Elizabeth is no exception. The Queens Room is two decks
in height with a 1,000 square foot dance floor centered beneath
shimmering crystal chandeliers. Greeting guests as they enter is a
bust of Her Majesty that resided in the Queen's Room aboard QE 2
from 1969 until that liner's retirement in 2008. Adjacent to the Queens Room is Queens
Arcade, an inviting space to enjoy
Equally as grand as the ballroom is the Royal Court Theatre.
Spanning three decks, it is distinguished by upper level private
boxes, where—for a fee—occupants can sip champagne while
watching productions by Queen Elizabeth's own theater
As on other Cunard vessels, the level of accommodations
you reserve determines your assigned dining room. The Grand, Master,
Penthouse, and Queens Suites dine in Queens Grill, Princess Suites
dine in Princess Grill,
AA Club Balcony Staterooms in Britannia Club, and all others in Britannia
Queens Grill & Princess Grill—High atop Queen
both single-seating Grill restaurants are cantilevered over the side
of the ship and offer splendid sea views from every table. Guests also have exclusive
access to a private lounge for cocktails as well as an adjacent Courtyard for al fresco dining.
Restaurant—Simply a stunning dining room (pictured left),
Britannia's two-deck height is emphasized by
a backlit decorative ceiling and
a sweeping staircase, down which every woman on board will want to
make a grand entrance in her formal night finery. Dinner is served in two assigned seatings.
Britannia Club Restaurant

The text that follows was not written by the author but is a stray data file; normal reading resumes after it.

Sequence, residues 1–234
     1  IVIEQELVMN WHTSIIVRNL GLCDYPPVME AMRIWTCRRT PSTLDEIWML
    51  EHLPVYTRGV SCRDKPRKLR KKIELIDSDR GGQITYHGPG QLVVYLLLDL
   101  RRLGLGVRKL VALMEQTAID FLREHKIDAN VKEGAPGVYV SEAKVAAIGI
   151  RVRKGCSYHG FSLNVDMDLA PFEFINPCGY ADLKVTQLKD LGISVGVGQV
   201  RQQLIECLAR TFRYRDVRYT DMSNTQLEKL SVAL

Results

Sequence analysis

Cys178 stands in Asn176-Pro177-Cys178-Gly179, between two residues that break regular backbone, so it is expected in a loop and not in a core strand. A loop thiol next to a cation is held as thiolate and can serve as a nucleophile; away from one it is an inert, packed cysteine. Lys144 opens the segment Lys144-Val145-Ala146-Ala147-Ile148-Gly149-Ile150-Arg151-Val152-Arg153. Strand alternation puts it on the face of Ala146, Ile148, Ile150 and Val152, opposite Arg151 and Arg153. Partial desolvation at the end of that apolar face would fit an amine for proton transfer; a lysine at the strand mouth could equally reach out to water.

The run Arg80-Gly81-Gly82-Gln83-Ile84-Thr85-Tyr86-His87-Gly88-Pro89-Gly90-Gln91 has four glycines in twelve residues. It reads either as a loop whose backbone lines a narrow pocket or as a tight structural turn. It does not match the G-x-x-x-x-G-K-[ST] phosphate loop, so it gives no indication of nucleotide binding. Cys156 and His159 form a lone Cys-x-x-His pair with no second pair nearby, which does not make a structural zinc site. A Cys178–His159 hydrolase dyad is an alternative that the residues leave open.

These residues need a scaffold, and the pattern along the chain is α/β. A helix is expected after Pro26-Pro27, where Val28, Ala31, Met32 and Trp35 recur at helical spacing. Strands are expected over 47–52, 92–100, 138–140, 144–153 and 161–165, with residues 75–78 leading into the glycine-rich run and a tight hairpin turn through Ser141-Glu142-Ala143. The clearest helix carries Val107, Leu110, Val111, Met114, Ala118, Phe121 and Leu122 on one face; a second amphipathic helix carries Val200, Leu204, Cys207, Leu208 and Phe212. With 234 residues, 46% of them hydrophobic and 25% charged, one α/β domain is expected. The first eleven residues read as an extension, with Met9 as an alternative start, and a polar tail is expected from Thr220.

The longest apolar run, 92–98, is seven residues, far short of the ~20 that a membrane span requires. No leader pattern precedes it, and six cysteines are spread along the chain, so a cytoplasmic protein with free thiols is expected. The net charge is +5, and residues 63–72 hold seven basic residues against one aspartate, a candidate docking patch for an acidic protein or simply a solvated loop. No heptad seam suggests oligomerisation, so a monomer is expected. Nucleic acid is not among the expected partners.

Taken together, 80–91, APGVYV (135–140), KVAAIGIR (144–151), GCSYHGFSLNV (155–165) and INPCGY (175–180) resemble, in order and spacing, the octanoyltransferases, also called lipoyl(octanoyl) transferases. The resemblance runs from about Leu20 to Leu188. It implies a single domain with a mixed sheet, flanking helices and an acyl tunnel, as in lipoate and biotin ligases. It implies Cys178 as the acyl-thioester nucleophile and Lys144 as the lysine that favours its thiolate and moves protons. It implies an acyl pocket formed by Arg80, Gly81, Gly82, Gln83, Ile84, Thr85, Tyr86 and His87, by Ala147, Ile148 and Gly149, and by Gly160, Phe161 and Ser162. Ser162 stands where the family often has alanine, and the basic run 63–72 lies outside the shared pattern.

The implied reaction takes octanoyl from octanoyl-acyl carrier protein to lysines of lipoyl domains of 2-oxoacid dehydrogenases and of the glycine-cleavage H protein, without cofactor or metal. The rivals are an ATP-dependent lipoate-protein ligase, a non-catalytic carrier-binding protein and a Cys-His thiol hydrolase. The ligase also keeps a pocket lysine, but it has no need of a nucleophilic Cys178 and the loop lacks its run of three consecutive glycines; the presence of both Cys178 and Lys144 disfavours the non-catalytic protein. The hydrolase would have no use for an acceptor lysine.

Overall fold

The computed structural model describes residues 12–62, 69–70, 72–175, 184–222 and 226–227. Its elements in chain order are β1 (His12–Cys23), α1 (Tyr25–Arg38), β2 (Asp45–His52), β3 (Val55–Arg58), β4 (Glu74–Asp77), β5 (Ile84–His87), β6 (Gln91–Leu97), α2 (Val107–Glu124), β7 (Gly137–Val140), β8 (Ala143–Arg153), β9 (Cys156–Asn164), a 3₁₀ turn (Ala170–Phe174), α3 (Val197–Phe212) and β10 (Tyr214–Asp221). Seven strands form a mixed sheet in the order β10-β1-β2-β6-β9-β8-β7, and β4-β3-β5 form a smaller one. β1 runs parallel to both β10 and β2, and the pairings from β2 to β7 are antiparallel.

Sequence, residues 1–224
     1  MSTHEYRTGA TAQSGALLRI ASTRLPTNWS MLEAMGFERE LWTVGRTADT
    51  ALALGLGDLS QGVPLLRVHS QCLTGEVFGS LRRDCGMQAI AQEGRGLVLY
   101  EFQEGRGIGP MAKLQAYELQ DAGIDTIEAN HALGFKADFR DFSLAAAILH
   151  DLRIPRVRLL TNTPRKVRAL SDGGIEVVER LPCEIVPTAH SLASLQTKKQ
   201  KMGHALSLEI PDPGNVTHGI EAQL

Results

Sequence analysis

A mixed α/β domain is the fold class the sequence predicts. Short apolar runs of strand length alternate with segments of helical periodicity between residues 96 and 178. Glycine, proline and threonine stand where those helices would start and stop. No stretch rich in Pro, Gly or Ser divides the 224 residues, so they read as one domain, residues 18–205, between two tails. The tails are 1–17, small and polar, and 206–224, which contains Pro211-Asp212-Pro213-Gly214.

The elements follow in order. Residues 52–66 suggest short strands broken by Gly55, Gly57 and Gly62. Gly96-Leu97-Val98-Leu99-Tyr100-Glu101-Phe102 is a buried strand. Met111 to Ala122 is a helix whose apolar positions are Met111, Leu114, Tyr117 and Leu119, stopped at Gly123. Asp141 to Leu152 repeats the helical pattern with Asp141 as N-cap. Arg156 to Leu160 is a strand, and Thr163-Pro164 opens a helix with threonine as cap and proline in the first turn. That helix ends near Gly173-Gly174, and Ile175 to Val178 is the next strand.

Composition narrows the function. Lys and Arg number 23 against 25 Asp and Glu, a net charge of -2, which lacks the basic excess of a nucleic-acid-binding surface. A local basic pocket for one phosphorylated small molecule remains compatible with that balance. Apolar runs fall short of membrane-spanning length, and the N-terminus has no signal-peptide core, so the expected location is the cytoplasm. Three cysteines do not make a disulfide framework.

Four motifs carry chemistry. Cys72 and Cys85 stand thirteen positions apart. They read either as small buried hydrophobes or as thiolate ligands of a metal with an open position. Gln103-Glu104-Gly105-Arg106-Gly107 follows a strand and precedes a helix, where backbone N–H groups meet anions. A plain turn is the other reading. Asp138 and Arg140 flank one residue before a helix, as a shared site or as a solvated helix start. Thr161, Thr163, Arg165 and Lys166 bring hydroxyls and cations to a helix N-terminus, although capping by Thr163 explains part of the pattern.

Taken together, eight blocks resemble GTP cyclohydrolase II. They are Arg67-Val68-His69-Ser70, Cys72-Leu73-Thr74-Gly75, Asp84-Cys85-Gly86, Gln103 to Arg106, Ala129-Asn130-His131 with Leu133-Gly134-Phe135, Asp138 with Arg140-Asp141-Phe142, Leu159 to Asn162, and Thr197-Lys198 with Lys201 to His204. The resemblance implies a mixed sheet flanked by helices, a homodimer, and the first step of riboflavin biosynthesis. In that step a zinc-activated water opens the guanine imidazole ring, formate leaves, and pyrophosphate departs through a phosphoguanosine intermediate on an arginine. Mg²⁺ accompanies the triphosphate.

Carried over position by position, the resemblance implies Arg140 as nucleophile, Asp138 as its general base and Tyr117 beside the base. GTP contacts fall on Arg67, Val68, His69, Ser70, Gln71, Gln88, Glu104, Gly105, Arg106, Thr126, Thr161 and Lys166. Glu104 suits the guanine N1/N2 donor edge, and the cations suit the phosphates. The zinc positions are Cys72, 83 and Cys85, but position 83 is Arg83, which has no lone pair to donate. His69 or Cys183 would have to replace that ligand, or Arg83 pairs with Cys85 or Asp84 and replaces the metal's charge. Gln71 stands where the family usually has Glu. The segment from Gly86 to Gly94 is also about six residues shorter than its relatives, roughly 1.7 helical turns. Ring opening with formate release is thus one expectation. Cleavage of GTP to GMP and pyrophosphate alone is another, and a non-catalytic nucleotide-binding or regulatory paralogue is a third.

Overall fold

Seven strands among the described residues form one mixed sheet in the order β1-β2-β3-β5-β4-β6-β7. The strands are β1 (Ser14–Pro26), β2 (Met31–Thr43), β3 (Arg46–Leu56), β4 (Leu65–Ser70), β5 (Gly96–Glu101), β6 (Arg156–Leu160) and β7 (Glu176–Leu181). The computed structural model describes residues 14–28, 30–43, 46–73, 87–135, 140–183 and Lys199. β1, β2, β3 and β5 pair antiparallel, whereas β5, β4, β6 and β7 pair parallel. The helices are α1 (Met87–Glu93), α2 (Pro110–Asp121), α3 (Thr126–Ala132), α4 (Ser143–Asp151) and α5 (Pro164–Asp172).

— Similar to Queen Mary 2, Queen Elizabeth
also offers Britannia Club dining, where guests accommodated in AA
Club Balcony Staterooms dine in a single-seating at the time of
their choosing during restaurant hours. However, new for Queen
Elizabeth is that it is an entirely separate
dining room. Rich in art deco flourishes, Britannia Club features a
ceiling with backlit decorative glass panels, a sand-blasted
decorative glass wall, and panoramic windows for sea views.
Verandah Restaurant—Located just off the Lobby on Deck 2,
the light, bright, and elegant Verandah Restaurant celebrates fine
French cuisine. As in the days when The Verandah Grills on Queen
Mary and the original Queen Elizabeth were among the most exclusive
dining rooms at sea, this latest incarnation is sure to be one of
the most celebrated restaurants afloat. The room's art is inspired
by the playful and whimsical murals on the first two Queens and the
vintage menus on display tell a story of the dining experience on board the
original Queen Elizabeth. Reservations are required and there is a fee.
Casual Options—Here's where you'll find choices as
diverse as breakfast and lunch served buffet-style in the Lido
Restaurant, traditional British pub lunches in the Golden
Lion Pub, and pastries and tea in Café Carinthia, a
stylish patisserie. In
addition, the Lido Pool Grill aft on Deck 9 serves
up a lunch alternative. I highly recommend the pub grub, especially
the fish and chips.
Where else are you going to play, relax, and sleep on board?
Elizabeth -> Part Two
Elizabeth -> Part Three
Courtesy Cunard Line &
© Linda Coffman, CruiseDiva.com
From Cruise Diva's Blog